Software recommendation - Desktop Customization & Workflow
I half expect to do another search directly after posting this thread and finding an equivalent, but so far there has been nothing, so I'll just jump into the cold water and create this software recommendation thread.

It's simple – either you are so stoked about something you have been using lately that you can't stop yourself from writing a reply here, or you are desperately searching for a utility and want some community input.

I'll start with such a request: does anybody know a good, small command line flashcard utility? I know about anki and mnemosyne, but they are huge and not modular enough.
I've been using and finding useful clipboard managers these days.
Parcellite and Clipit are both great solutions to this and have approximately the same keybind ctrl-alt-h.

It's my recommendation lately as I've been working in an IDE that doesn't provide an internal clipboard such as with vim.

At the moment I'm looking for a lightweight and complete markdown editor with an export to PDF feature. So far I'm using two things, one of them is an alias on the command line:
markdown () {
    markdown_py $1 | lynx -stdin
However markdown_py doesn't support all markdown, especially tables. And on the other side I've been trying a browser addon for firefox:
(07-11-2018, 06:28 AM)venam Wrote: At the moment I'm looking for a lightweight and complete markdown editor with an export to PDF feature.

GNU Emacs with pandoc-mode should be sufficient (assuming that you already have an Emacs on your machine, else "lightweight" would be a retarded word for it).
pandoc itself could be an alternative otherwise :)
I am looking for a window manager that can make dockable windows.
For example, I want to create a "bar" with a clock docklet, but I do not want a dock program, I want a window manager that can "dock" xclock(1) in the corner of the window and make windows do not maximize over it.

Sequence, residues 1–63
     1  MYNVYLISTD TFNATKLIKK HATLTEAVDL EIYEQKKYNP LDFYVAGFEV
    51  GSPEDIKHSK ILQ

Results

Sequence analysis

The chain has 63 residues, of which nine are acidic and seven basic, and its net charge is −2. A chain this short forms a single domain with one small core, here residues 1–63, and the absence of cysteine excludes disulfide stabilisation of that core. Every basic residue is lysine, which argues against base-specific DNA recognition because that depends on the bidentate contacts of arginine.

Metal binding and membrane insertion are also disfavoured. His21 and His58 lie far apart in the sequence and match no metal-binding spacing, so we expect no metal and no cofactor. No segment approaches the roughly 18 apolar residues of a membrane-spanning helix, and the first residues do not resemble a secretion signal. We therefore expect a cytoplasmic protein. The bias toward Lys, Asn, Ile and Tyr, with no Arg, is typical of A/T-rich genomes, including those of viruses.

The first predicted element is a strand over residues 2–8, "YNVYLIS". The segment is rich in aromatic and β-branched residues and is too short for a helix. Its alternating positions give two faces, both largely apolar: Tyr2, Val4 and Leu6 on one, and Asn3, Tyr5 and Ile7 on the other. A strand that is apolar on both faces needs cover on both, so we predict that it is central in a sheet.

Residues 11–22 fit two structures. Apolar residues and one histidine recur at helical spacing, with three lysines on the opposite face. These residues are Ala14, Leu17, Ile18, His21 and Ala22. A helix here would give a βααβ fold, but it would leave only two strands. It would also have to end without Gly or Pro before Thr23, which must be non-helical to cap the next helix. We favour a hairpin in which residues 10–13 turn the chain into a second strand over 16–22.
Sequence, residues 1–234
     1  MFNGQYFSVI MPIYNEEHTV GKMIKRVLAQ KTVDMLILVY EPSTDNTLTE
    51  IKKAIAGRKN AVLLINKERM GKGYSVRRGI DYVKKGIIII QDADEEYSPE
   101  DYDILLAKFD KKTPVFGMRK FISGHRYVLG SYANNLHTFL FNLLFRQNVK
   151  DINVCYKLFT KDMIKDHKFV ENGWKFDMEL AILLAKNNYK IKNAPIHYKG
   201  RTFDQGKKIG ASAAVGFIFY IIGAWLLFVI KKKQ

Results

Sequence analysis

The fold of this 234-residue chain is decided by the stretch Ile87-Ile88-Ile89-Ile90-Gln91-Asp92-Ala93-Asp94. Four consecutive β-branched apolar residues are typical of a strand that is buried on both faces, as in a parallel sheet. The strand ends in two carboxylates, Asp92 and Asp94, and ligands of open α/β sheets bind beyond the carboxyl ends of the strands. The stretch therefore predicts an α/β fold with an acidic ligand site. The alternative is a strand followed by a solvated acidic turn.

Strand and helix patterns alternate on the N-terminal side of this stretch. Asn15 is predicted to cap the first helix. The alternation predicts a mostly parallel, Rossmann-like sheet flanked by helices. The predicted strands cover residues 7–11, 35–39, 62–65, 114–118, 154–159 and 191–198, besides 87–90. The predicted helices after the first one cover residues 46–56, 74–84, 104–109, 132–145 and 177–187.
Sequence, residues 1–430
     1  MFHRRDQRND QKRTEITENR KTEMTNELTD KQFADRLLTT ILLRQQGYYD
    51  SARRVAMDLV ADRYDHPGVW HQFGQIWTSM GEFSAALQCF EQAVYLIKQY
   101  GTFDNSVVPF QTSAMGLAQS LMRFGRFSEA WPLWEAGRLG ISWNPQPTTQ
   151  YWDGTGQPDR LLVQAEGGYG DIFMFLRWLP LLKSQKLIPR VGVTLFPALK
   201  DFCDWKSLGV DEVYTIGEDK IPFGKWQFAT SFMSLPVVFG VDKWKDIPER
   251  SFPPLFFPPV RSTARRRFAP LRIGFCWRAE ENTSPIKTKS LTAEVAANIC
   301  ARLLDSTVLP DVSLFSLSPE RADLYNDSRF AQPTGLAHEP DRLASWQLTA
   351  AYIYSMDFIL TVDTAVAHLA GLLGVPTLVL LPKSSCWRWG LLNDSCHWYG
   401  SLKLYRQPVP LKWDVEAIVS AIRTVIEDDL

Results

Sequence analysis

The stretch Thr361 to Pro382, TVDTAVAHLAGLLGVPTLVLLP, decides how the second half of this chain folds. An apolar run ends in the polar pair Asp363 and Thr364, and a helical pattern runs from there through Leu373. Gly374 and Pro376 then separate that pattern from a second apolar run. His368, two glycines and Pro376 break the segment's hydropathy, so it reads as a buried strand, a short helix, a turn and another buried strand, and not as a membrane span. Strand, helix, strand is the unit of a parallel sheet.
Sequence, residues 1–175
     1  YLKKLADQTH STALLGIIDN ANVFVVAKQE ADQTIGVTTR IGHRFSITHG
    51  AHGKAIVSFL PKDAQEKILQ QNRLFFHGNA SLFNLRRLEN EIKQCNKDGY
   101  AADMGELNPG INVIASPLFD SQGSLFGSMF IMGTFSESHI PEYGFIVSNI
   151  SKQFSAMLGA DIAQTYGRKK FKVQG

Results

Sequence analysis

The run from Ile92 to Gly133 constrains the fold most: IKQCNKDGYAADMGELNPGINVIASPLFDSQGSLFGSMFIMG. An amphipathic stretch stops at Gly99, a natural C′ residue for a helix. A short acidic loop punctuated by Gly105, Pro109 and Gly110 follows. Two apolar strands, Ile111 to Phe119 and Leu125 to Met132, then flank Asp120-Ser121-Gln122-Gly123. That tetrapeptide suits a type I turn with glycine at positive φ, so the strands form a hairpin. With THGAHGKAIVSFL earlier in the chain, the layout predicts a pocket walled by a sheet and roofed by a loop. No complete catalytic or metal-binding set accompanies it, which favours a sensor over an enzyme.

Something like fvwm can do, but fvwm is too big for my needs.
perhaps not quite the same, but bspwm has the concept of "layers", and the ability to set borders per window -- so all you would have to do is move xclock window to an above layer, remove the borders, and use something like xdotool to place it in a dock-looking location.

To elaborate on layers -- there are 3, below, above, and normal. Each layer has a notion of tiled, floating, fullscreen windows. Windows on the above layer always show above windows on the normal layer, regardless of state.
Trying to think of a way to do this with wmutils but coming up blank for a simple method, even if you set a window to the top of the window stack, and ignore it, X11 will still interpret stacking order requests and include your 'docked' window in the stack, meaning that future above_stack calls will place windows over your docked window. hmm
(05-05-2020, 06:54 PM)phillbush Wrote: I want a window manager that can "dock" xclock(1) in the corner of the window and make windows do not maximize over it.
I think he's not talking about stacking order, but rather limit the virtual workspace size from top-left to the corner of "docked" windows.

You can do this with wmutils (of course!).

# toggle "window docked mode".
# Their geometry and position will change how "" behave, by never overlapping a docked window.
# Behavior is unexpected with a docked window positioned in top-left corner
# usage: [window ID]

[ -z "$1" ] && exit 1
if -n "$(atomx DOCKED $1)"; then
    atomx -d DOCKED $1
    atomx DOCKED=yes $1

# resize a window to fill the whole area between top left corner, and the closest "docked" window from top and left corner
# usage: [window ID]

# set your monitor size here

for wid in $(lsw); do
    # ignore position of non-docked windows
    test -z "$(atomx DOCKED $wid)" && continue
    x=$(wattr x $wid)
    y=$(wattr y $wid)

    # reduce width/height of the area according to docked windows
    [ $x -lt $maxw ] && maxw=$x
    [ $y -lt $maxh ] && maxh=$y

# teleport window to the calculated area
wtp 0 0 $maxw $maxh $1

note: this is obviously untested, and extremely subject to bugs. Enjoy !
I'm pretty sure cwm can do that too, if I understand correctly (I might not, in which case apologies).

in the cwm configuration file:

gap 7 28 7 7
ignore xclock

and then in the x resources:

XClock*padding     : 0
XClock*geometry    : -7-7
XClock*height      : 14
XClock*borderWidth : 0

or something?
This would work indeed, but you shouldn't move the xclock window so it remains within the gap area. Perhaps that's what he is after ?

Members  |  Stats  |  Night Mode